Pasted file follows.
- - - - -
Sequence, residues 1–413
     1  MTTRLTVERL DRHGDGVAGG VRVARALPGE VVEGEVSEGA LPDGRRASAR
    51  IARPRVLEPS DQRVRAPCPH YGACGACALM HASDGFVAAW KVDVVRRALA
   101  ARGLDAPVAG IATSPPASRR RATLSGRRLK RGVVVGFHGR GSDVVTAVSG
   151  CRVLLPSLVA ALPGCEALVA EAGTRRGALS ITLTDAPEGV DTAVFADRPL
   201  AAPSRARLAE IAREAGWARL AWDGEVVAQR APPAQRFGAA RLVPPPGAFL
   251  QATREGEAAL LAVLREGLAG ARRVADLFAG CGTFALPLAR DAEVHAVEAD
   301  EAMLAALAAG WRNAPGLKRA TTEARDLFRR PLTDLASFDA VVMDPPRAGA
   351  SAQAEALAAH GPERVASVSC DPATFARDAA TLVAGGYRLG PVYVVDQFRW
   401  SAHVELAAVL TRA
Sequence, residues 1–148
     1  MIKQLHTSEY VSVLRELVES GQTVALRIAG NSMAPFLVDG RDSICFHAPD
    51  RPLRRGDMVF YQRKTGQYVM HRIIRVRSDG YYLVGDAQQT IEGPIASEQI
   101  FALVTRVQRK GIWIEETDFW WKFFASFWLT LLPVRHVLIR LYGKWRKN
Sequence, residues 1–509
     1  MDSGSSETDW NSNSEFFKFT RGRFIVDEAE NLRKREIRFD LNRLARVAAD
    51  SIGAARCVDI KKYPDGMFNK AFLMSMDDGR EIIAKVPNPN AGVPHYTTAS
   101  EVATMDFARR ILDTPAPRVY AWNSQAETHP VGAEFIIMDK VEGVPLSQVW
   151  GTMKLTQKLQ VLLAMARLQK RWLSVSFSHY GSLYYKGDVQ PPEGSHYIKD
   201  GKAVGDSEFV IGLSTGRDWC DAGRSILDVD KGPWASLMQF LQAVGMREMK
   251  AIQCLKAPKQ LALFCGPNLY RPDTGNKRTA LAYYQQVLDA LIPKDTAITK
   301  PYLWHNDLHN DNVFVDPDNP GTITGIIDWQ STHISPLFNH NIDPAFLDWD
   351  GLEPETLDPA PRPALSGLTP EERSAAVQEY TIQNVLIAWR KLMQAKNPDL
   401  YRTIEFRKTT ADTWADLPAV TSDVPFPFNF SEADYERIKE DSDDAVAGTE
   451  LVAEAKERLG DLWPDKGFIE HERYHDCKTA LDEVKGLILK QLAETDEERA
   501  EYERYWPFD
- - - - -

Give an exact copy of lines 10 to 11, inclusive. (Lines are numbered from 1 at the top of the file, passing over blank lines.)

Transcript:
   401  SAHVELAAVL TRA
Sequence, residues 1–148